What Is The Center On Wrongful Convictions of Youth? Brendan Dassey Could Have A Chance At A Retrial With Its Help
Netflix's Making a Murderer has dashed the confidence of many viewers in the legitimacy of police investigations. The renewed national media attention surrounding the murder of Teresa Halbach has left many asking why then-16-year-old Brendan Dassey, nephew of Steven Avery, would have made an alleged false confession to police in the first place. Dassey is now being represented by the Center on Wrongful Convictions of Youth, part of the Pritzker School of Law's Bluhm Law Clinic at Northwestern University, based in Chicago.
After noting the lack of resources available to children and teens, the center was established in 2008 and is one of 20 specialized legal service clinics staffed by Northwestern law students and faculty offering specialized law services in complex or cutting-edge cases. The Daily Northwestern writes the CWCY "was the first of its kind to address wrongful convictions of youth, and has developed an expertise in litigating cases of false confessions" and reports that Dassey's case, if innocent, isn't unique.
Attorneys Steven Drizin and Laura Nirider, who were featured in the Netflix series, are representing Dassey in conjunction with local Wisconsin attorney Robert Dvorak. They, along with student volunteers and staffers, are attempting to secure a separate retrial for Dassey, hoping to call into question the tactics used by detectives that, they argue, effectively coerced a confession out of a minor who had diminished capacity to discern truth from fiction under the intense pressure brought against him in the interrogation room.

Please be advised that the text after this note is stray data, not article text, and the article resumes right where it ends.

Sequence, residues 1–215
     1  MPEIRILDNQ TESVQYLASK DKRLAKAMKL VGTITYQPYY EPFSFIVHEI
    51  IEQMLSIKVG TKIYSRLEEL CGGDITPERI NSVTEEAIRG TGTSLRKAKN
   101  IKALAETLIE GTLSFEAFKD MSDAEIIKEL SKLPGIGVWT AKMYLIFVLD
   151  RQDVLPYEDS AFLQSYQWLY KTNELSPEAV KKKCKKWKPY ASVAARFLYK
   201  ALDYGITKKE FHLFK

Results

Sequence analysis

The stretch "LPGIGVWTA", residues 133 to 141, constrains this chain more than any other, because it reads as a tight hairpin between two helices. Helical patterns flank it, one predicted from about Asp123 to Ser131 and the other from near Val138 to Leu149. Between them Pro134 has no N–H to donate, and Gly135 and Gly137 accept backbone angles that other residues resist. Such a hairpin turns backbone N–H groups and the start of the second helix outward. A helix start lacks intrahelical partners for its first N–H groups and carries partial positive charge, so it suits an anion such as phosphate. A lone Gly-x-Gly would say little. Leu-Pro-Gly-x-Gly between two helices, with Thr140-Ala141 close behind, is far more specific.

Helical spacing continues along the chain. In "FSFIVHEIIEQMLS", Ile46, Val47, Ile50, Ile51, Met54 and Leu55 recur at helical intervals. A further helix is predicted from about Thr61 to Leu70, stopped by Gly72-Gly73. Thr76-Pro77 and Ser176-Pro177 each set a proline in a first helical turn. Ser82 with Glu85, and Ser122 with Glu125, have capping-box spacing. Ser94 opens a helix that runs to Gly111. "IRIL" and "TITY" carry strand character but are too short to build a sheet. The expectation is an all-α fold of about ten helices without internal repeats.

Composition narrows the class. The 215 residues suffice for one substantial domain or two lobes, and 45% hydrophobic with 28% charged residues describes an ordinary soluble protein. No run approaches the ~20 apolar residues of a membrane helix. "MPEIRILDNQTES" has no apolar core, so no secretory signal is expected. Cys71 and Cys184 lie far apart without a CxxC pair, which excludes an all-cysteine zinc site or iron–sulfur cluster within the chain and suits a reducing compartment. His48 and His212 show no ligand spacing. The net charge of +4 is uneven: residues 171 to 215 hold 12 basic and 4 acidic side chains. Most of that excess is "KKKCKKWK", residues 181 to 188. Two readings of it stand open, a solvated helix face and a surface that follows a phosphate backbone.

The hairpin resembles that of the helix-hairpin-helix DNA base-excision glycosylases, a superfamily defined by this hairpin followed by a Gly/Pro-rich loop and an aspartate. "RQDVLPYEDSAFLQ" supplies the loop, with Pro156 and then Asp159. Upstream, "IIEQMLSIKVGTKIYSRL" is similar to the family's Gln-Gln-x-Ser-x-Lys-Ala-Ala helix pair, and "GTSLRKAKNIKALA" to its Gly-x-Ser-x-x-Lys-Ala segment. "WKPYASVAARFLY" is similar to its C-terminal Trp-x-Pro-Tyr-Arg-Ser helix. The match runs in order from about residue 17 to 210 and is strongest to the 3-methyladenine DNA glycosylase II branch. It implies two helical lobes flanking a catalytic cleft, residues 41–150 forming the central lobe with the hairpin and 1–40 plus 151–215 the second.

By Dassey's own account in Making a Murderer, he "isn't smart." The Huffington Post reports that he has an IQ of 70, lower than the middle range of 85-115, where most of the population would fall. Drizin is quoted in The Daily Northwestern saying that he hopes "this documentary will inspire some profound changes in the way in which police interrogate youthful suspects."
Footage from Dassey's confession on Making a Murderer resulted in a surge of grassroots action across the country. The White House has even weighed in on a petition to free Avery and Dassey, but there has been increased interest in the CWCY itself. They've been flooded with so many inquiries from Making a Murderer viewers that they created an "action agenda" for those who would like to help ensure that vulnerable youth are adequately protected when dealing with law enforcement officials. Dassey is currently serving a life sentence and, barring a retrial, will be eligible for parole in 2048.